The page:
As regards development, why should outsiders invest in commercial enterprises in Africa if all the profits their efforts make get frozen or stolen? And why should we help people who take, take, take, but won’t help themselves? I ask these questions as one who spent half my life trying to help development in Africa and knowing that one can make a difference as some of my projects are still going after 42 years.

      The ball is in Africa’s court.

      • Exactly, Ian. The Western world’s band-aid approach to developing countries is seen as an effort to appease their conscience, or stroke their hero’s ego, which is why it’s often met with disdain by the very people they’re trying to help. As for America’s problems …? Or Europe’s? I guess we’ll just have to wait and see how the global dilemma unfolds. My guess is that we’ll be seeing a lot more grassroots rebellion against the 1% – you know, chaos theory.

        • Ian Mathie says:

          I’m not sure the western nations have that sort of conscience, Belinda. Most of the time their overbearing arrogance overwhelms any recognition of their fallibility, responsibility and contrition. They dole out what they so gleefully call aid as a means to buy some form of political influence. What they have all failed to understand is that the Africans are smarter than that; they’ll take anything that’s o offer and then do what they want anyway, and stuff anyone else’s opinion. How else would people like Mobutu Sese Seko, Paul Kagame, Robert Mugabe and Jacob Zuma remain in place, exploiting their own people for so long?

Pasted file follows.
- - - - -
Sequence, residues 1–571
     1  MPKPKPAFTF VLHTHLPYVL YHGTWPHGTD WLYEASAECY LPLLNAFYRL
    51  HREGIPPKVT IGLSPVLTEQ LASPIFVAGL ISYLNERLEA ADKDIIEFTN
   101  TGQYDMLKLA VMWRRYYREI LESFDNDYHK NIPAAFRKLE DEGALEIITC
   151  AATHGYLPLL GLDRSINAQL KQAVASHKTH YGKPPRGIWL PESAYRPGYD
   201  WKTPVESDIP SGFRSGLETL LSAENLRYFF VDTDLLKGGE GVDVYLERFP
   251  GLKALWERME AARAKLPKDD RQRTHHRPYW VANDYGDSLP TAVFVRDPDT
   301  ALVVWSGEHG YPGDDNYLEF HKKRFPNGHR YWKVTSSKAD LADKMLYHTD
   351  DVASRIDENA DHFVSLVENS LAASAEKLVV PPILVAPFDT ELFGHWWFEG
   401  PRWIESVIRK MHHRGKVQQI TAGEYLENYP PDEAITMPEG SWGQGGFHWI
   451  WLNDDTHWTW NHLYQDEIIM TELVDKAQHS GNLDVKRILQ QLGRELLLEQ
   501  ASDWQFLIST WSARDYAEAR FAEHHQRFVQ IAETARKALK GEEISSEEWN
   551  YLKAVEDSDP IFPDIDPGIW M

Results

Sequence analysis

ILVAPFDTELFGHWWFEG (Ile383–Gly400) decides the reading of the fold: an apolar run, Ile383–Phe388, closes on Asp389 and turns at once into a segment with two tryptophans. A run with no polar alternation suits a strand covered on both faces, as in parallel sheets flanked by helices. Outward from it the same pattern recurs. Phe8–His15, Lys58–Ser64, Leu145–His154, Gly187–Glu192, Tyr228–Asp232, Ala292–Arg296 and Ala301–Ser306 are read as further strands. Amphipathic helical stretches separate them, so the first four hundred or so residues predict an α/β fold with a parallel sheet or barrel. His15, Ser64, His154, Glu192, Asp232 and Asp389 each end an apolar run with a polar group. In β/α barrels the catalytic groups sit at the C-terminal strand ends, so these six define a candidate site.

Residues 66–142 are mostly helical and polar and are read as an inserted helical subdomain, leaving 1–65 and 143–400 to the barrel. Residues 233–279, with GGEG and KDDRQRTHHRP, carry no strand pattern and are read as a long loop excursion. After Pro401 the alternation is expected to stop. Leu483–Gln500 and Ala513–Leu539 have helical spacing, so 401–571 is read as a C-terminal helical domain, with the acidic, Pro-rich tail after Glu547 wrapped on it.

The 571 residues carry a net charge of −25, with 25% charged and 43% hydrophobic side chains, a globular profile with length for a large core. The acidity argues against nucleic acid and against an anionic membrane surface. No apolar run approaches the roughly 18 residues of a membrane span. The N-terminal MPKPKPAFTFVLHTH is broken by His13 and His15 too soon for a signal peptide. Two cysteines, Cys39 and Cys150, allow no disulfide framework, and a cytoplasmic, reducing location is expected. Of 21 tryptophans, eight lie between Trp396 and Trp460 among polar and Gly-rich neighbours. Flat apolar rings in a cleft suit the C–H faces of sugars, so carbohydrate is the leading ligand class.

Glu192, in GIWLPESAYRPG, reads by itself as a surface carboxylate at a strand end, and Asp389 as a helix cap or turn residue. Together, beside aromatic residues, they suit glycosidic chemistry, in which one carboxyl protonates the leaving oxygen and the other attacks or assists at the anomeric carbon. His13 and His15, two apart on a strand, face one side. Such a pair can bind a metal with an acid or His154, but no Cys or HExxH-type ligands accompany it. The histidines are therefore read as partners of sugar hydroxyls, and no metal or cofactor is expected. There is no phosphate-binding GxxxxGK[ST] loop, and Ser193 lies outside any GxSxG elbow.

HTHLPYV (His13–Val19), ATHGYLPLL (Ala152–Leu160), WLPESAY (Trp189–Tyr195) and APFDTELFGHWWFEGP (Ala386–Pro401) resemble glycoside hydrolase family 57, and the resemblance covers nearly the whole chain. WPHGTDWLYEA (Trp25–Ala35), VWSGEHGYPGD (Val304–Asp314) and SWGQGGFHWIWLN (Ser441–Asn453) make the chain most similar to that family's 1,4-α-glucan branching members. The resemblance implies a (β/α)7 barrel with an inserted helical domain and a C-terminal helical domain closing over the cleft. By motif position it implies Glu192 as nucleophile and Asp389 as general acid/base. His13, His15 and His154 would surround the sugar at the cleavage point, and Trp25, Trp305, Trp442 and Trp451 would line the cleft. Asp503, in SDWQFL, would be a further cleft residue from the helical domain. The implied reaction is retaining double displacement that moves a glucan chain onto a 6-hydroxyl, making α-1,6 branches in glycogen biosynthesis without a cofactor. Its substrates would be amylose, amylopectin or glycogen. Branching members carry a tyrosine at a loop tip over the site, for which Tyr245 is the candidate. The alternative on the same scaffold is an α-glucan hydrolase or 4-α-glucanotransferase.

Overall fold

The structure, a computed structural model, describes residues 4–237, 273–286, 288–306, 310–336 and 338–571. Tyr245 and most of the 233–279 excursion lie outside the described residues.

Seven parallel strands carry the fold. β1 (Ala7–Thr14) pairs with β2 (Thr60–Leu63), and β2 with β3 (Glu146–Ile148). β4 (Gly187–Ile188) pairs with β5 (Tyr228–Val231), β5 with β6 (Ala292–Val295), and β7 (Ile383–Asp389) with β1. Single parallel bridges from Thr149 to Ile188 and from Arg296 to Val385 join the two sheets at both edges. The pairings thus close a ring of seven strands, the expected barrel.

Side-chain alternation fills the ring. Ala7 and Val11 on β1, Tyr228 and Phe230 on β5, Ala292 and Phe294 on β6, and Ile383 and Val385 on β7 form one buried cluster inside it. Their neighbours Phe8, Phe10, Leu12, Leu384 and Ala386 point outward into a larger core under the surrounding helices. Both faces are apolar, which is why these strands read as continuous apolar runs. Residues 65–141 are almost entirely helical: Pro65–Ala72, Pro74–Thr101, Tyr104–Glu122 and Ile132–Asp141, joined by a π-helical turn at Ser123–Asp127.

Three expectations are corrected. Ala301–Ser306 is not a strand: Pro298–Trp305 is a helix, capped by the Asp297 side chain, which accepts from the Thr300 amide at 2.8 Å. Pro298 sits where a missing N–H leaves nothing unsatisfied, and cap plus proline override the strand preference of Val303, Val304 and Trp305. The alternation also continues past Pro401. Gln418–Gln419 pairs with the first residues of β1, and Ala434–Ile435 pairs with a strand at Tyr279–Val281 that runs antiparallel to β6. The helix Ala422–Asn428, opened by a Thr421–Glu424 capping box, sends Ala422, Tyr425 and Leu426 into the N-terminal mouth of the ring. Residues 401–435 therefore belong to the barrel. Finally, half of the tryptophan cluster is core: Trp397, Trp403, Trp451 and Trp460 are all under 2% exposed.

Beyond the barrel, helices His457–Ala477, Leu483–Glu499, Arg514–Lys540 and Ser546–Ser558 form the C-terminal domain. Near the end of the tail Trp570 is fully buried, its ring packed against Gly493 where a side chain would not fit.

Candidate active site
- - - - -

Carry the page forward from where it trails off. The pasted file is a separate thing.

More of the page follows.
The west needs to wise up and turn off the aid taps. We also need to stop saving hordes of starving babies in droughts and famines caused by Africa’s profligacy, just so they can starve again in a few years time. When populations are controlled to what the land and its people’s efforts can sustain, those predictable events will no longer be a problem. Planned and managed right, Africa has more than the capacity to feed all its current population.It’s all a question of political will and choice, and if the west stopped picking up the pieces when things get difficult, they’d have to make that choice.

    • Sonia Marsh says:


      Lesotho opened my eyes to the issues that South Africans face and I feel like I understand why you left for the U.S. I cannot wait to catch up over the phone. We have a ton to discuss.
      Sonia Marsh recently posted..Starting A New Chapter in My LifeMy Profile

      • I look forward to reconnecting as I’m also taking a new direction away from corporate back to writing and coaching. In a way, the corporate world reflects a similar nonsensical abuse that are ruining people’s lives and relationships and does nothing to improve their competency. Again, I’m convinced that change can only come from grassroots efforts.